Southern Illinois Feline Fanciers cat show takes place in Carbondale

By Gus Bode

Vicky Johnson spent Sunday afternoon gently combing the hair of her cat, looking out for matting and making certain each individual hair is separated in the process.

Although Johnson remained focused on the grooming process, her cat did not possess the same dedication as the woman showing her. The fluffy Persian is somewhat distraught about being removed from her previous sprawled-out position. In response to the unwanted attention, the cat scrunches her face and squints her eyes as Johnson lifts her head to brush the hairs under her chin.

While Johnson said she has come to enjoy participating in cat shows and has four years of experience in them, she said competitions are not a favorite of her cats. In fact, she admitted the participant she entered Sunday “does not like doing them.”


Her cat does not make any attempt to counter her owner’s statement and appear interested in the competition. Johnson could not expect any different from the cat she named Would I Lie To You after an Annie Lennox song.

Would I Lie To You, the offspring of a mother named Who’s That Girl, was among 160 cats that participated in the Southern Illinois Feline Fanciers show last weekend at the Carbondale Civic Center. This is 5th year for the two-day event, which ran for several hours on both Saturday and Sunday and will take place in Marion next year.

Show manager Ron Kman said turnout for this year’s event was only slightly down from the previous year, with everything operating pretty much the same as last year’s show. The show caters to cats from across the nation from several long and shorthaired breeds and is separated by the grouping of premiere and champion.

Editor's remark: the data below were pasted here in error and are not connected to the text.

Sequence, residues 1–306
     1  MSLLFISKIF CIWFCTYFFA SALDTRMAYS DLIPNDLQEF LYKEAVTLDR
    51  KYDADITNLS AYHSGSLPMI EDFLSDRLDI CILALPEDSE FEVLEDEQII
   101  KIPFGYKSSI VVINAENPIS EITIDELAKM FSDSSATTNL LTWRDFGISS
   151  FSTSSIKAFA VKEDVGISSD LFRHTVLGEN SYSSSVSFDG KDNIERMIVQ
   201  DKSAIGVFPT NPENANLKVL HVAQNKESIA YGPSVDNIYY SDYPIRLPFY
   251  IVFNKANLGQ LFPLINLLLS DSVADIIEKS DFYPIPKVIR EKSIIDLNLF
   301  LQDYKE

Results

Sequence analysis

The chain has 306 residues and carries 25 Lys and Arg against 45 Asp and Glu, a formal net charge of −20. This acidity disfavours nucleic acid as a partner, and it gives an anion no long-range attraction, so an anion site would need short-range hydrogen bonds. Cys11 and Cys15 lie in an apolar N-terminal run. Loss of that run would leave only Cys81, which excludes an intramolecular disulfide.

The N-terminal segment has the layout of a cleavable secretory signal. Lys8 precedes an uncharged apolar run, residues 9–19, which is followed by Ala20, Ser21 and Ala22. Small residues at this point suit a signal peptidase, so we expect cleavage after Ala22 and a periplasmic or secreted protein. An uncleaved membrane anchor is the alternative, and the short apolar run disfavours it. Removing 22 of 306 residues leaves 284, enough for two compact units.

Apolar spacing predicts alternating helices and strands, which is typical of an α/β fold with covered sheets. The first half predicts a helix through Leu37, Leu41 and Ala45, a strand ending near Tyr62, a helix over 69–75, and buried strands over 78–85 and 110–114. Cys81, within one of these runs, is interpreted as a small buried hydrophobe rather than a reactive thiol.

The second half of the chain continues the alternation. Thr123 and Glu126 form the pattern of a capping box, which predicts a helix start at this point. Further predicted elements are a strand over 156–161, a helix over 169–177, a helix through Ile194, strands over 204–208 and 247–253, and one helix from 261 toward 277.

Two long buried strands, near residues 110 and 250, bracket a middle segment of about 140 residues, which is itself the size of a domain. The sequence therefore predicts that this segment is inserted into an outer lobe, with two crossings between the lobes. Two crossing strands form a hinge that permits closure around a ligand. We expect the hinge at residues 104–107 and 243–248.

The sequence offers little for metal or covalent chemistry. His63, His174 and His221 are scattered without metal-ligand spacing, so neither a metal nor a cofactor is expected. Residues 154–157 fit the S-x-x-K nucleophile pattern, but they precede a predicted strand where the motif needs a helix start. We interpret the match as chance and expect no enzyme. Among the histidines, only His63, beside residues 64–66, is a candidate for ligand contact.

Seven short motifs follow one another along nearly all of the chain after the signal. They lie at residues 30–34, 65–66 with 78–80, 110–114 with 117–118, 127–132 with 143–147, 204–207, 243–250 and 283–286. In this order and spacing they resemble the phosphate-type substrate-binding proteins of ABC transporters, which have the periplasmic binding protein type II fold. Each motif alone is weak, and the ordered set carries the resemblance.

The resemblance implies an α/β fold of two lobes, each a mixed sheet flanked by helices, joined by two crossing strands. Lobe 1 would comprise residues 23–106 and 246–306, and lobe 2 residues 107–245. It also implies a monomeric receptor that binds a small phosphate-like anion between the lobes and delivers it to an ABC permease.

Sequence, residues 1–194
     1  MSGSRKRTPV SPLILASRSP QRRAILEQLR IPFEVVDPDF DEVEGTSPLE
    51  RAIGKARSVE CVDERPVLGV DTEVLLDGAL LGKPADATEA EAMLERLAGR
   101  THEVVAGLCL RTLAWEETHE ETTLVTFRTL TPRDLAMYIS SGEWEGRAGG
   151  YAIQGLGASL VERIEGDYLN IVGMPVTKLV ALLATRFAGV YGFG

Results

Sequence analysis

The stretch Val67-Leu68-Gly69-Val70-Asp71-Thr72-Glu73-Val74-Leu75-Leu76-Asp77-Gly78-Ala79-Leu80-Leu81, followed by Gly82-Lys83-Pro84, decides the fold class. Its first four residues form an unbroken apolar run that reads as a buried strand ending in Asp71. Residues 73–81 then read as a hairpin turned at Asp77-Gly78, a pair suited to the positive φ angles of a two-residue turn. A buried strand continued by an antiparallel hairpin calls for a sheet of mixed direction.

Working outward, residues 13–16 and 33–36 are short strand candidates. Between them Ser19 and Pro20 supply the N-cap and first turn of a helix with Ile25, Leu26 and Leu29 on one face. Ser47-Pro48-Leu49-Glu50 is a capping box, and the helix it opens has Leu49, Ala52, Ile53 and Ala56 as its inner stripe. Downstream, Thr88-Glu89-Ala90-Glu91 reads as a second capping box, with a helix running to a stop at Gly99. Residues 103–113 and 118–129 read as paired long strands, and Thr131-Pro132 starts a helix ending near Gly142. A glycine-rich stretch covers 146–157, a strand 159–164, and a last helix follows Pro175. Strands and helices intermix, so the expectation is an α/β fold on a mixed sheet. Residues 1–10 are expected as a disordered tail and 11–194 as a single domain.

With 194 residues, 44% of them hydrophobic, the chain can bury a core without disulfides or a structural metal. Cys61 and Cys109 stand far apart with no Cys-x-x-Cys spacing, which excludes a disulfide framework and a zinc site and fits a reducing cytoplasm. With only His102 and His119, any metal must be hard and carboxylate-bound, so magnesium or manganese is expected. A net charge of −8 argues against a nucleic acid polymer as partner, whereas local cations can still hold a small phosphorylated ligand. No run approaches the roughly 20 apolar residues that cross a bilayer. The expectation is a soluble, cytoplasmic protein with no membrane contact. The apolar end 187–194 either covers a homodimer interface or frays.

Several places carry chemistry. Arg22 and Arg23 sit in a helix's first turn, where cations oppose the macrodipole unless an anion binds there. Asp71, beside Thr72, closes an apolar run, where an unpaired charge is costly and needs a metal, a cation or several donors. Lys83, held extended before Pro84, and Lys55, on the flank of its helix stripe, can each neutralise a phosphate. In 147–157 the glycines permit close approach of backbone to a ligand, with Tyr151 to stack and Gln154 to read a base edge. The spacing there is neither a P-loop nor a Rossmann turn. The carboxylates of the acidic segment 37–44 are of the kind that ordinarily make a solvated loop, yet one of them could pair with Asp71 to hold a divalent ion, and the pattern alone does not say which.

He said the competition is one of only a few in the nation that contains a household category, which non-registered cats could compete in.

“We have a household category now,” said Kman, who added that the show donated $500 of its proceeds to the Southern Illinois Humane Society. “So as long as it’s spayed or neutered and has all of its front claws, you can bring your fat, lazy housecat.”

While he jokes about the new category open to the “average cat,” he said the standards are much higher for other cats in competition.

“”It basically has to be perfect,” Kman said. “You know purrfect.”


Each day consisted of showing the cats to six judges, who came from various areas in Illinois such as Elgin and Champaign and other states including Kentucky, Nebraska and Ohio.

According to Kman, each cat begins with 100 points and is marked down from there according to standards set for each breed. He said cats are evaluated by each of the judges over a two-day period. They are rated on their appearance in categories such as ear set, head type and stance as well as the individual standards of each judge.

“The judges, they’re individual people just like you and I and they have their individual opinions about each type of cat and what they like,” Kman said. “When you put your cat into the ring, it has to be presented in the right way and the judge knows that. If you’re not presenting your cat to the judge properly, it doesn’t do any good and it doesn’t win.”